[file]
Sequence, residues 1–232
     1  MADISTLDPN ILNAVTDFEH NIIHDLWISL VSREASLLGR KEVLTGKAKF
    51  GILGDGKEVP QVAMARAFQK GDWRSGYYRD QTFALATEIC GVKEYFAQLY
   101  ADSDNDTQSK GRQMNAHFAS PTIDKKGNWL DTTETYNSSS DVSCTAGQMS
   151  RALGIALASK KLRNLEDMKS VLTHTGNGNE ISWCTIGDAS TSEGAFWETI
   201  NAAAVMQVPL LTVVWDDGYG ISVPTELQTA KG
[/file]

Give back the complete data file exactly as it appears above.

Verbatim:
Sequence, residues 1–232
     1  MADISTLDPN ILNAVTDFEH NIIHDLWISL VSREASLLGR KEVLTGKAKF
    51  GILGDGKEVP QVAMARAFQK GDWRSGYYRD QTFALATEIC GVKEYFAQLY
   101  ADSDNDTQSK GRQMNAHFAS PTIDKKGNWL DTTETYNSSS DVSCTAGQMS
   151  RALGIALASK KLRNLEDMKS VLTHTGNGNE ISWCTIGDAS TSEGAFWETI
   201  NAAAVMQVPL LTVVWDDGYG ISVPTELQTA KG